Maybe Dark Matter Is More Than One Thing - Scientific American

in Steem Links3 years ago (edited)

( May 30, 2021; Scientific American )

The label "dark matter" encapsulates our ignorance regarding the nature of most of the matter in the universe. It contributes five times more than ordinary matter to the cosmic mass budget. But we cannot see it. We infer its existence only indirectly through its gravitational influence on visible matter.

The standard model of cosmology successfully explains the gravitational growth of present-day galaxies and their clustering as driven by primordial fluctuations in an ocean of invisible particles with initially small random motions. But this "cold dark matter" might actually be a mixture of different particles. It could be made of weakly interacting massive particles; hypothetical particles like axions; or even dark atoms that do not interact with ordinary matter or light. We have not detected any of these invisible particles yet, but we have measured the imprint of the fluctuations in their primordial spatial distribution as slight variations across the sky in the brightness of the cosmic microwave background, the relic radiation left over from the hot big bang.

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This is how the science meant for, research is not some thing where we finally comes to a conclusion but it's about discovering more and more. Here I will praise the God how HE created the human brain to explore more and more, and that's why GOD has made humans a superior creature than the other creatures.
This is really interesting fascinating and amazing to see how our universe is so giant and great with invisible magics and divine powers .
This article was worth to read

 3 years ago 

Fascinating. Every discovery in the far universe reminds me how insignificant we actually are. Much we still don't know. If we could travel fast enough to reach the end of the known universe, still it could be nothing more than a grain of sand in a far greater reality.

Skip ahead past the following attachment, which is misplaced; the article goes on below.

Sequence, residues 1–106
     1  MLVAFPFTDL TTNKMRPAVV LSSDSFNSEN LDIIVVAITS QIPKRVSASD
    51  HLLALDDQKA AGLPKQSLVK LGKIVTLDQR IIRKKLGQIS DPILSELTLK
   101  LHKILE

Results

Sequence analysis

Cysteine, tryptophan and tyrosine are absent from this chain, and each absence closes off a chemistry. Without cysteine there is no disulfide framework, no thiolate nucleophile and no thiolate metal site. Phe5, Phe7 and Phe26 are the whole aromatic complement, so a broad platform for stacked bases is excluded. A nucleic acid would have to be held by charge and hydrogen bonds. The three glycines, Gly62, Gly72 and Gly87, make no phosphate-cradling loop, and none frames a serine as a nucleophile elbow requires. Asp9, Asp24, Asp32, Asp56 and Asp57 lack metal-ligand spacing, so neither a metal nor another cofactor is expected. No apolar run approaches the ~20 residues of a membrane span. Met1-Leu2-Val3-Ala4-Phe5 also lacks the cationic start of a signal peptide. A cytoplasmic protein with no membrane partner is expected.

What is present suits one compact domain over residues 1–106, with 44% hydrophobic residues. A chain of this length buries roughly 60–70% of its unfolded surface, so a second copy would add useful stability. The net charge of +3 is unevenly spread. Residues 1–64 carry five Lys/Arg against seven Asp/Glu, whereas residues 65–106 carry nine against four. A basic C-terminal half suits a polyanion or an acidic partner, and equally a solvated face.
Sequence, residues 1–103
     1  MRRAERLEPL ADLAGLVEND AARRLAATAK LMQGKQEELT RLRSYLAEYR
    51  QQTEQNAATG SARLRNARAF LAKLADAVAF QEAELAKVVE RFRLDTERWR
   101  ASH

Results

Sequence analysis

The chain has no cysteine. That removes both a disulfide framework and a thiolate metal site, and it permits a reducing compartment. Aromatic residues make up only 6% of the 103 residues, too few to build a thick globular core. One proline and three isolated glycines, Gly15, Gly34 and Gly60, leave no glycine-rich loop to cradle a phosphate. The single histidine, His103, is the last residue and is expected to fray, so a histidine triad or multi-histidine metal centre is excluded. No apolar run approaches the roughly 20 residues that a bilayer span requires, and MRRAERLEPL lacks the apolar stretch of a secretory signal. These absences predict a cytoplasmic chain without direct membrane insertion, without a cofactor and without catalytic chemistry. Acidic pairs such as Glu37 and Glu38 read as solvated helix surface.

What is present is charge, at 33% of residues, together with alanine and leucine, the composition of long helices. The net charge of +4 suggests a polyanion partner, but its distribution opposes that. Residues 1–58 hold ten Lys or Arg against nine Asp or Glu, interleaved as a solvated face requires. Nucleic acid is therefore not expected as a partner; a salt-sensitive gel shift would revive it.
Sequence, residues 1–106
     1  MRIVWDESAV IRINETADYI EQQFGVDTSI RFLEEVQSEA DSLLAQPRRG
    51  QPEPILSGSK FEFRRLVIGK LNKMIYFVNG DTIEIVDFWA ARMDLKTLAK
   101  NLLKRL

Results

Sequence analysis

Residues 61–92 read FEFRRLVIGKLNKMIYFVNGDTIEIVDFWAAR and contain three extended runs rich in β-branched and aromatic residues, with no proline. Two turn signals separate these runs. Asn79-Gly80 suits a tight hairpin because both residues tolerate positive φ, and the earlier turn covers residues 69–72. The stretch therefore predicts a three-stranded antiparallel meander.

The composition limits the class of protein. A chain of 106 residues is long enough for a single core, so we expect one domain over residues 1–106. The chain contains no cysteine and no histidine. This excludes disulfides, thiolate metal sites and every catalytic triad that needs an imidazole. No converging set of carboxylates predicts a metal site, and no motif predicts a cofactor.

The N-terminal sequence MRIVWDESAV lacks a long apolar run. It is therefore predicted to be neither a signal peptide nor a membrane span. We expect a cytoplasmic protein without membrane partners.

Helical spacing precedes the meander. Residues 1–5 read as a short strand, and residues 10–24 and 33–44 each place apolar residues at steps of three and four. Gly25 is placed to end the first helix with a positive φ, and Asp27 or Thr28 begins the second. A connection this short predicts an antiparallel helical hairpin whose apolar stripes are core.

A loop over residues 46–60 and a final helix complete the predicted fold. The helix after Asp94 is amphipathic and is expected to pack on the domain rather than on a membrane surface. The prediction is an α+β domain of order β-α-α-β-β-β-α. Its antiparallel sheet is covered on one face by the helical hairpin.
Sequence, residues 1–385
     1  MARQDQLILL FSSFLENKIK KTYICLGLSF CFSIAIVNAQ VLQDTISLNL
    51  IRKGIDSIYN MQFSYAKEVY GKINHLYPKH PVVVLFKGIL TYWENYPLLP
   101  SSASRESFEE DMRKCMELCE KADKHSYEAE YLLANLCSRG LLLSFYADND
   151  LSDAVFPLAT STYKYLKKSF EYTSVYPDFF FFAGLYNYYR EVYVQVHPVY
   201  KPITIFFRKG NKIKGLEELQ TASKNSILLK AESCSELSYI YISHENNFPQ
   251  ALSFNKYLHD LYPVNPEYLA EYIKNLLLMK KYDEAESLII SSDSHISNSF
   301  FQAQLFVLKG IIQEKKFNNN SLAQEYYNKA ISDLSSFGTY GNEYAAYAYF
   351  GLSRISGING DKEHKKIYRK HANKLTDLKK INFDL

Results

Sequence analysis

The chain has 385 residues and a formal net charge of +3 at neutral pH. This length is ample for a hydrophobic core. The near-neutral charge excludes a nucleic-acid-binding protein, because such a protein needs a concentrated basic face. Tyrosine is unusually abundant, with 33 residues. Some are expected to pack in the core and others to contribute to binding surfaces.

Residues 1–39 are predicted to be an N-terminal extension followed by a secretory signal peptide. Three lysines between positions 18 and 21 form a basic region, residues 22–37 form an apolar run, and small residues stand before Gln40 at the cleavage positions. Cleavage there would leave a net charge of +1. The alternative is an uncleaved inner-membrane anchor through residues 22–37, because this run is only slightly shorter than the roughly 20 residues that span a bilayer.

3 years ago (edited)

A very interesting topic every day we human beings understand the universe better, but how can scientists know what dark matter is composed of? since it is invisible. How do you measure electrons, protons, neutrons, and neutrinos? that in theory dark matter is composed since we have no physical proof of it. Although it can be detected indirectly through gravitational influence, as the article says in general, although it is true that in recent years great progress has been made related to dark matter and I have spoken about it in one of my publications and now with the new theory of del bing bang Study reveals new details on what happened in the first microsecond of Big Bang I'm doing a short post on this topic. I recommend you read the article that leaves you thoughtful.

These types of topics leave more questions than answers

Every day more things are discovered, and there is still much more to discover, the human does not know in wanting to discover further ...

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